On the eve of the third Test Match between England and India MCA’s distinguished high-performance coach Dr V. V. Giri had some typically astute comments about the Indian captain, M. S. Dhoni. Will Edgbaston see the beginning of an Indian revival, or will England continue to impress and surprise? In either case, Dr Giri provides MCA members and other readers with plenty to think about.
The Missing ‘Midas touch’
“When Kapil bowls to Dean Jones, where will you field?”
Sunil Gavaskar asked Srikkanth this question at the dinner table on the eve of India-Australia match during the 1985 Benson Hedges World Cup in Australia. India went on to win the Cup in a most convincing way and, as you all know, Ravi Shastri became “Champion of Champions” posing with an “Audi” car.
This Cup victory was a typical example of the “Planning” and “Home work” a team is expected to do before a cricket event. Every team does its home work and SWOT analysis on its own men as well as on the opponents, and has clear plans, back-up contingencies, etc. Planning is extremely important in Test cricket. The teams are provided with a batting coach, bowling coach, fielding coach, psychologists, managers and a chief coach to help the captain to have options and plans. Strangely, Indian captain M.S.Dhoni doesn’t believe in planning. In an interview after the World Cup, he openly admitted that he is not a planner and doesn’t believe in team meetings. Thus I wonder why the BCCI is wasting their money and time on coaches and sub staffs for India. We have often seen Dhoni making blunders in reading the wicket, conditions, and opponents and then have seen him end up with bad toss selections, not to mention playing eleven selections. In the recently concluded World Cup he made many mistakes in team composition (by including Piyush Chawla, Nehra and Sreesanth over Ashwin), which nearly knocked India out of the WC. That statement by Dhoni shocked many, and people concluded that the captain was winning through instincts and luck. Of course, Dhoni has been known for his “Midas touch” — right from the beginning, when he beat Pakistan in the T20 World Cup. But since the West Indies tour this year, things have not been working in his favor. Playing Test matches overseas, especially in England, is tough for any captain. India have already suffered two defeats, and the fingers are pointing at the captain. Now, is this the end of the glory days of Mahendra Singh Dhoni, the captain who could do no wrong? Considering how India have fared in two Tests in which, in phases, they had as much of a chance as England to win, it is only right to conclude things have caught up with Dhoni.
Even in the extended theatre of Test cricket, opportunities do not come knocking more than once. And India spurned those two chances at Lord’s and Trent Bridge and will probably slide freely back to the old days and old ways. It was when the opportunities came knocking that the ever cool, super-instinctive Dhoni joined the ordinary mortals who had led India before him. The first instance came at Lord’s when England were 92 for five and in danger of being bowled out. But Dhoni, who has been known to push on with his main bowlers like a strict task master far more than many of his gentler predecessors, was inclined to agree with a young Ishant Sharma that he needed a rest, that too after a 40-minute luncheon break. The second came when England, under grave threat of being bowled out under an overcast Nottingham sky, began counterattacking through Stuart Broad. It was here that Dhoni stood exposed. He was as clueless about how to get past Broad as the many Indian captains before him who had merely stood with their hands on their hips when the bowlers failed to deliver. A once smart Dhoni, guided more by instinct than the ordinary rules of battle engagement, had very little to offer.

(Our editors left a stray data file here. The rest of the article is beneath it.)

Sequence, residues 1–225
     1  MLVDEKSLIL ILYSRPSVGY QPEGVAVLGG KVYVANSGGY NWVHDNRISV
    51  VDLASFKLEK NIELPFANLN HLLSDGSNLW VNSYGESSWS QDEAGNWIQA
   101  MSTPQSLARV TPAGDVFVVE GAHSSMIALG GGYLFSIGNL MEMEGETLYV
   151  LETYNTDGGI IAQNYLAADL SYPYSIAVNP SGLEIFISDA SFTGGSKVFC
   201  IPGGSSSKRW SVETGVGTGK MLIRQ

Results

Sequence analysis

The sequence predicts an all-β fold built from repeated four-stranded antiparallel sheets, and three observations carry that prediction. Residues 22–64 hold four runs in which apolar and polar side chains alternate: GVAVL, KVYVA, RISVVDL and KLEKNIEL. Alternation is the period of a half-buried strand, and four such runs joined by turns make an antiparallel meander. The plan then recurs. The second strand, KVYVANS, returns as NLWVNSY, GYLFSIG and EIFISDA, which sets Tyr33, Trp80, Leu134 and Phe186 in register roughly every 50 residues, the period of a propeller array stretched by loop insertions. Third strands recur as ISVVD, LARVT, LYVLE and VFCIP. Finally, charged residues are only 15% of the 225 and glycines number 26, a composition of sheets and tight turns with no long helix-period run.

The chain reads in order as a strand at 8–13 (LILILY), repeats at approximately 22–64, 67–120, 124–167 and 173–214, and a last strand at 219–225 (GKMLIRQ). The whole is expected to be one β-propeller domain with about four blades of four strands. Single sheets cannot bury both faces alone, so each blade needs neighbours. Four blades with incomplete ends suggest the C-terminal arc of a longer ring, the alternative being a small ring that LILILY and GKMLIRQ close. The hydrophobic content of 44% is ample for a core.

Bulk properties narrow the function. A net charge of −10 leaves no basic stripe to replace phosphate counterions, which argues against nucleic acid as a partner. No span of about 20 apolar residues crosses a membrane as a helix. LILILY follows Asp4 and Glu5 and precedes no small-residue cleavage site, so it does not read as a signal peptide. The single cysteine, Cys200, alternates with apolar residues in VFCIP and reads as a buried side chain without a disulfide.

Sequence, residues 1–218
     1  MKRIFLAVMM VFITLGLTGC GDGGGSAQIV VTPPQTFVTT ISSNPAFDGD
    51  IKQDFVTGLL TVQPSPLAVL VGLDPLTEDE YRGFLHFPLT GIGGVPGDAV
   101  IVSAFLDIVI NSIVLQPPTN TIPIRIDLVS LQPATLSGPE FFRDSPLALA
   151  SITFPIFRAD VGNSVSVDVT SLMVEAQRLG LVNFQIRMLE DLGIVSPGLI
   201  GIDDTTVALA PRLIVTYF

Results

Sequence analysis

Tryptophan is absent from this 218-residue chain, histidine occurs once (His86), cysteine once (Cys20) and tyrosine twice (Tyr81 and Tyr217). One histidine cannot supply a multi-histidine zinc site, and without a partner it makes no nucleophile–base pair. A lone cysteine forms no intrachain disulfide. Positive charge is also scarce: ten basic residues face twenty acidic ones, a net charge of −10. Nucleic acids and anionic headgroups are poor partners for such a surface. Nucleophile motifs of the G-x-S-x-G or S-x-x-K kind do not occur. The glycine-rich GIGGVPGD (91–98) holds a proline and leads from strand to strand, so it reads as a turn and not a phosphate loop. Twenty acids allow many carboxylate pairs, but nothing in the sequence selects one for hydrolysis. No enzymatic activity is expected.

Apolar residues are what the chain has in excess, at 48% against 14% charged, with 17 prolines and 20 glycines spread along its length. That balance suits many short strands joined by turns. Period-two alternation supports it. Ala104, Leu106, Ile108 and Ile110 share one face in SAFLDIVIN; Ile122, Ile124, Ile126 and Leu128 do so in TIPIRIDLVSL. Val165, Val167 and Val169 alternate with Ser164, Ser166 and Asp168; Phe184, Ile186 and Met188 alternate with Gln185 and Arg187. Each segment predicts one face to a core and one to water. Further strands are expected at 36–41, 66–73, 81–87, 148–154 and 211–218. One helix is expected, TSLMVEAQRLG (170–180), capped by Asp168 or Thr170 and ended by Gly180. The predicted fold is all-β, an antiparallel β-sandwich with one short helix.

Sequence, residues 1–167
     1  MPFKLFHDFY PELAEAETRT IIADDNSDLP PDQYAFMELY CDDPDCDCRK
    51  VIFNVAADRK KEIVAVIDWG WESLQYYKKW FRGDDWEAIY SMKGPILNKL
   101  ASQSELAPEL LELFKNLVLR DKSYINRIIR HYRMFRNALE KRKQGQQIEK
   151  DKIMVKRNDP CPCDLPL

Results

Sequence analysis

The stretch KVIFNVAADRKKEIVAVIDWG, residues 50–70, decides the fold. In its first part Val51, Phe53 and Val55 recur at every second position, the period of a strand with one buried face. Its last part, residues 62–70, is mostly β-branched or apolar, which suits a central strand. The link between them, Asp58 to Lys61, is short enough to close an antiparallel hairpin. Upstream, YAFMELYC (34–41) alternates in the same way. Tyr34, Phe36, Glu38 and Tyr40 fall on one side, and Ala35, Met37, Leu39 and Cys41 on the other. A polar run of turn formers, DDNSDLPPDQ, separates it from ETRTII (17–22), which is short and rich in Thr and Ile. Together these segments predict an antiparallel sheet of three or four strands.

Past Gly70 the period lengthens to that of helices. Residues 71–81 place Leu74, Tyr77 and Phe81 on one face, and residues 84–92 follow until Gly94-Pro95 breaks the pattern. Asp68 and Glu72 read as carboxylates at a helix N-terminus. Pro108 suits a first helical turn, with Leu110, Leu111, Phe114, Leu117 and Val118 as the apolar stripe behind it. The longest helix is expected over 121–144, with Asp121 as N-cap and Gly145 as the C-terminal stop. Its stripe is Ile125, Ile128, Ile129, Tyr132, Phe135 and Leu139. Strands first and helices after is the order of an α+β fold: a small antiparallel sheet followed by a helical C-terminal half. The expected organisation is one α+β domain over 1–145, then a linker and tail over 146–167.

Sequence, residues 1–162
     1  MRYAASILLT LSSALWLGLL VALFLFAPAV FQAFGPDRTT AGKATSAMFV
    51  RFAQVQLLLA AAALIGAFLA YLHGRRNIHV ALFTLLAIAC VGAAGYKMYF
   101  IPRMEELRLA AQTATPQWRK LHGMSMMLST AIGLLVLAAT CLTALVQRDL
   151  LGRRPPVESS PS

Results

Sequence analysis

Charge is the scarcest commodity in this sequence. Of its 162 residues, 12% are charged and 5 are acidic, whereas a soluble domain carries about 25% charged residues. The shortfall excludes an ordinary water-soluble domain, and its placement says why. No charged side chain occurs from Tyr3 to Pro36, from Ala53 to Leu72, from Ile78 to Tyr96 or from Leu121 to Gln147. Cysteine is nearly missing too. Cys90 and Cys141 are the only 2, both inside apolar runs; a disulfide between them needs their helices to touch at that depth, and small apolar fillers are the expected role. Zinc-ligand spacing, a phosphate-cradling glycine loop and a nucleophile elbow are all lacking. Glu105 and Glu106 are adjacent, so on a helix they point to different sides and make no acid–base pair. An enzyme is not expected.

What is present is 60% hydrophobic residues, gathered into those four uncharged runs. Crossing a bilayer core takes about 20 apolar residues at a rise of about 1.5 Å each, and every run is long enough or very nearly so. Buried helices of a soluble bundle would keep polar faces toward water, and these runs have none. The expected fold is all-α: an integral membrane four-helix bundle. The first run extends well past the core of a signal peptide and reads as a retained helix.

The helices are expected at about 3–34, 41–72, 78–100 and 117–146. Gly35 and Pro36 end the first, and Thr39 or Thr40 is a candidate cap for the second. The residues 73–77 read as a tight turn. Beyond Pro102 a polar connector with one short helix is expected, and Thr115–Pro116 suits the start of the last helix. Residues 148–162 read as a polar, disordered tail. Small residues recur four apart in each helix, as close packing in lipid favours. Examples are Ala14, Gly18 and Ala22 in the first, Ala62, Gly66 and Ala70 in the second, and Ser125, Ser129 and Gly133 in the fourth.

I know watching television is not the best way to come to easy conclusions. But it did seem as if the skipper had no clear guidance to give to his bowlers when they were being taken apart by boundary hits. There were no strategy time outs, as it were, to help his bowlers regroup and focus again on the task at hand. Dhoni was never one to overtly help bowlers by holding deep conversations with them. He was more the type to give them a free run once he chose a bowler to keep on in the attack. He was always seen as the ultra cool skipper who backed his bowlers to deliver. Somehow, those tactics, admirable as they always seemed, did not work at crucial junctures in this winner-take-all kind of Test series.
Adding to all these problems, his indifferent form with both his keeping and batting is haunting him. In the first two Tests in England, Dhoni was clearly struggling in wicket keeping and he had no clue about swing bowling.
India is facing an ‘English White Wash’ in this series. I think Mahi won’t be seen anymore as the “Captain with the Midas touch”.